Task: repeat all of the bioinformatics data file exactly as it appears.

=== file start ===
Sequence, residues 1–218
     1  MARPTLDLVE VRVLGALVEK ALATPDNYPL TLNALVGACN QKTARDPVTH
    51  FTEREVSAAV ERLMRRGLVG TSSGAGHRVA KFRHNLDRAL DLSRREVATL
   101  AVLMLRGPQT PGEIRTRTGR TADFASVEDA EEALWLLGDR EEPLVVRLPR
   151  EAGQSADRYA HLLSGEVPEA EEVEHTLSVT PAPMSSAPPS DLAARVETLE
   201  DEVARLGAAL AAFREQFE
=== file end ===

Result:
Sequence, residues 1–218
     1  MARPTLDLVE VRVLGALVEK ALATPDNYPL TLNALVGACN QKTARDPVTH
    51  FTEREVSAAV ERLMRRGLVG TSSGAGHRVA KFRHNLDRAL DLSRREVATL
   101  AVLMLRGPQT PGEIRTRTGR TADFASVEDA EEALWLLGDR EEPLVVRLPR
   151  EAGQSADRYA HLLSGEVPEA EEVEHTLSVT PAPMSSAPPS DLAARVETLE
   201  DEVARLGAAL AAFREQFE